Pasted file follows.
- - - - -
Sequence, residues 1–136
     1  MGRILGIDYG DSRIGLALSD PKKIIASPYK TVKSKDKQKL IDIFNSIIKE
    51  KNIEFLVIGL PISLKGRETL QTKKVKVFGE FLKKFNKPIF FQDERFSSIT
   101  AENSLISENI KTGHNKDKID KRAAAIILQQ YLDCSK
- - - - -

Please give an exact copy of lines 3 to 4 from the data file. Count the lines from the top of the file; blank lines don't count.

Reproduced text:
    51  KNIEFLVIGL PISLKGRETL QTKKVKVFGE FLKKFNKPIF FQDERFSSIT
   101  AENSLISENI KTGHNKDKID KRAAAIILQQ YLDCSK